is well documented, and the presence or absence of
HSP influences various aspects of reproduction in
many species [47]. Increased HSP27, HSP60 and heat
shock cognate 70 in the endometrium are expressed
after ovulation and in the early secretory phase, which
is the critical period of endometrial receptivity for an
implanting embryo [4]. Studies on in vitro cultured
mouse and bovine embryos demonstrate that monoclonal antibodies to the 60 and 70 kDa HSPs (HSP60,
HSP70) inhibit early embryo development. Genital
tract infections, especially chronic Chlamydia trachomatis infections of the fallopian tubes, result in the
generation of immunity to conserved regions that are
present on both the chlamydial and human HSP60
molecules [48]. HSPs are consecutively expressed
and have their role in all stages of spermatogenesis
as evident in various studies on experimental animals and human. HSP70 knockout mice resulted in a
failed meiosis, massive apoptosis, and male infertility, in another experiment HSP 90 knockout mice displayed sterility because of morphological abnormality. Similarly, disruption of sHSP, HSPB10 resulted in
lower sperm motility and male infertility in a rat [49].
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Mammalian HSP27 (HSPB1) and О¬B-crystallin
(HSPB5) belong to the family of sHSPs. In human,
20 different sHSPs have been characterized but only
few of them, such as HSP27, HSP22 and О¬B-crystallin, are true HSPs. The structural organization of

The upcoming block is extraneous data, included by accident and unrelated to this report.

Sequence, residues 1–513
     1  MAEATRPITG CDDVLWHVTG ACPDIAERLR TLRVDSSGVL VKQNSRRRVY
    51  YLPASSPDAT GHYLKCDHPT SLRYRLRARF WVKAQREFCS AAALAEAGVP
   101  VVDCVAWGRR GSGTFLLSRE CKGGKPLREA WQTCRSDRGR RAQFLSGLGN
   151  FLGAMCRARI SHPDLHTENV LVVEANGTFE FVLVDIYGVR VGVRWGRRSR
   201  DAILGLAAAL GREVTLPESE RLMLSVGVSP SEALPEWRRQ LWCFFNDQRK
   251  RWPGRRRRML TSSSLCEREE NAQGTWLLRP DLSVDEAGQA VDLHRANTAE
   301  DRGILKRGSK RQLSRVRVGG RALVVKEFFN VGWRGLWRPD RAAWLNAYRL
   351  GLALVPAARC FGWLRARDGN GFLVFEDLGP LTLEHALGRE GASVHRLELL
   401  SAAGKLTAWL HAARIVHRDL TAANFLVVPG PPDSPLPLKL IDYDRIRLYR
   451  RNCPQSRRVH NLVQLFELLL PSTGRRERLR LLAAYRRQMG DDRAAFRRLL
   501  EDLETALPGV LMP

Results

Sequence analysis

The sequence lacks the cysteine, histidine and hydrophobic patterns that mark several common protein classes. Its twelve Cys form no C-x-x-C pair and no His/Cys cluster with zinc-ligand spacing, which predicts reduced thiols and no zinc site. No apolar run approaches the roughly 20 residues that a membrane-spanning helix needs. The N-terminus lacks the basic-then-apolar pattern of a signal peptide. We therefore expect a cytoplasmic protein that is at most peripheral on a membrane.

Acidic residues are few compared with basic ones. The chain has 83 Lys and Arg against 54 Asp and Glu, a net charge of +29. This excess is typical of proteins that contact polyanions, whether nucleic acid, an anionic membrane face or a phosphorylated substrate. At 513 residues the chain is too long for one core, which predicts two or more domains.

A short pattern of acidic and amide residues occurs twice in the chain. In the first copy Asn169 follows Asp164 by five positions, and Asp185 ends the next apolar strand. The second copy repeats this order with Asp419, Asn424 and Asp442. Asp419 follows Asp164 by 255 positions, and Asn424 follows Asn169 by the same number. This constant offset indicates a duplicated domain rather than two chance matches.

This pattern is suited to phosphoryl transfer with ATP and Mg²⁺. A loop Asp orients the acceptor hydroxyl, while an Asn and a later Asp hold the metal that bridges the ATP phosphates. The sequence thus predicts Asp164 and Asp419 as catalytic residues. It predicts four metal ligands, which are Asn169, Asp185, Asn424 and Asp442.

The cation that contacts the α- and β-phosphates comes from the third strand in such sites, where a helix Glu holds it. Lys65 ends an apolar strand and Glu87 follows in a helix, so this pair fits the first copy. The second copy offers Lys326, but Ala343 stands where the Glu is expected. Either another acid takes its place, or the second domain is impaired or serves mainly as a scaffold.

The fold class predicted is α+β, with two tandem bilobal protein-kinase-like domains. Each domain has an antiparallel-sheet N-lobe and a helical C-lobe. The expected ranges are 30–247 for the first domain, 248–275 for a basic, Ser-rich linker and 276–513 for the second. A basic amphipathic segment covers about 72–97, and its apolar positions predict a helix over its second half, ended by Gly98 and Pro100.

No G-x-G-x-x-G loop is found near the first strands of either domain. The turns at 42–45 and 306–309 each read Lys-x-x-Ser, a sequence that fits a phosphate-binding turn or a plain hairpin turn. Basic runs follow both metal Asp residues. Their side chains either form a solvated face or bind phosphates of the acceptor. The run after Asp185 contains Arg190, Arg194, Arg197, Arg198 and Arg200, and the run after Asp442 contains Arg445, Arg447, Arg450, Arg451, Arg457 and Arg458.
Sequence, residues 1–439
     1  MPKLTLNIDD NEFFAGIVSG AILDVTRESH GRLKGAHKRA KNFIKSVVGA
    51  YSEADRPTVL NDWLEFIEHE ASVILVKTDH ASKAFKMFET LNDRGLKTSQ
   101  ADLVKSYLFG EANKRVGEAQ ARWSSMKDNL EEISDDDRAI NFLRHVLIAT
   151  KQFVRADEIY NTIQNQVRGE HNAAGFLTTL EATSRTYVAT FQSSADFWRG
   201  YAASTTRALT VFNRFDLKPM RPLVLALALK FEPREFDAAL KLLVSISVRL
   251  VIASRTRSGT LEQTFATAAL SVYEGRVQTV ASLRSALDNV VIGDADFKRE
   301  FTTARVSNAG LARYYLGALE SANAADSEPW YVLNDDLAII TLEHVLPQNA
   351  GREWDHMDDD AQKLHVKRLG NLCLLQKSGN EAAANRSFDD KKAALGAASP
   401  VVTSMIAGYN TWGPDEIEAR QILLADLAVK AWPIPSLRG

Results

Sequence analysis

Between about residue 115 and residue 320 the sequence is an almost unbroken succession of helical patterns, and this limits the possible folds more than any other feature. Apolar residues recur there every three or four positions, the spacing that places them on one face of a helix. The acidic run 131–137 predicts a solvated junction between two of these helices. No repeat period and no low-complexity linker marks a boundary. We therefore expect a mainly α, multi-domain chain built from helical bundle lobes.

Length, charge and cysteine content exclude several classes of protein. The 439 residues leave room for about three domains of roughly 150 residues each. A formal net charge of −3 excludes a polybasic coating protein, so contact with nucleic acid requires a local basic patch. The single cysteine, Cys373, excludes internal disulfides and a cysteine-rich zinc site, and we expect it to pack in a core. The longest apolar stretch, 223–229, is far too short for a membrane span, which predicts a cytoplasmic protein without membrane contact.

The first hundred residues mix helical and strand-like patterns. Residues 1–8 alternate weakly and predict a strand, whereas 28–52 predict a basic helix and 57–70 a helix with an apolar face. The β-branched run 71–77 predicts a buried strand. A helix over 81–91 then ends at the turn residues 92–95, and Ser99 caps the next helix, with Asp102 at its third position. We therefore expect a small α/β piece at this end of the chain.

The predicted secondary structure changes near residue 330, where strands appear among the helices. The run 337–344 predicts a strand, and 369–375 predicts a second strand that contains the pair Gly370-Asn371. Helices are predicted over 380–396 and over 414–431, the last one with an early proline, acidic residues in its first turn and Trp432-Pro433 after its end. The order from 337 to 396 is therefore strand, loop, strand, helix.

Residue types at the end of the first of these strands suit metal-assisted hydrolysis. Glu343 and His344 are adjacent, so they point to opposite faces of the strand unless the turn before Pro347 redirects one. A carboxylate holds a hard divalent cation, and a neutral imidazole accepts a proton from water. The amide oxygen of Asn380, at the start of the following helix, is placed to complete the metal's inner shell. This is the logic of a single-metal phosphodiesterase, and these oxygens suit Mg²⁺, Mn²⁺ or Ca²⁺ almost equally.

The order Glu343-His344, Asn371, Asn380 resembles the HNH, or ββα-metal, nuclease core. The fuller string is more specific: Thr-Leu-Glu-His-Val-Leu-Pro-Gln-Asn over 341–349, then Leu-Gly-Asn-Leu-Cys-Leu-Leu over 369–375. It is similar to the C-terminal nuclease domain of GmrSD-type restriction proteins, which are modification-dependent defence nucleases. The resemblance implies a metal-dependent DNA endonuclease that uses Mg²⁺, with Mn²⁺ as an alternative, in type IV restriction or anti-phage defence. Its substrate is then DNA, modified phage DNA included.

sHSPs appears to be a crucial factor, which controls
the activity of these proteins [14]. sHSP is constitutively expressed in tissues with high rates of oxidative
metabolism, including, the heart, type I and type IIa
skeletal muscle fibers, brain, eye and oxidative
regions of the kidney. Their expression in these organs
indicates these can be therapeutic targets for neurodegenerative diseases, myopathies, asthma, cataracts
and cancers [50,51]. HSP27 is involved in cell immunity, inflammation, thermoregulation, tumorogenesis,
and apoptosis. HSP27 in murine L929 cell line blocks
the Fas/Apo-1 mediated cell death. It also protects the
actin and intermediate filaments from the fragmentation and modulates the ROS glutathione levels [52].
Similarly, HSP22 is probably involved in the cell
proliferation regulation, cardiac hypertrophy, apoptosis, neuromuscular health and carcinogenesis [53].
Another member of family О±B-crystallin has shown to
have a protective effect on myocardial cells and retina
from the oxidative injury [54-56].
HSPs in Veterinary Research
Romanucci demonstrated that HSP27, HSP72
and HSP90 are involved in canine mammary gland
carcinogenesis [54]. In addition, HSP27 appears to be
implicated in tumor invasiveness and that is indicative
of a poor prognosis. In veterinary literature, high levels
of HSP60 and HSP70 were reported in canine transmissible venereal tumor (CTVT), and it was thought
that these HSPs could be considered potential markers for CTVT cells [57-59]. More recent studies have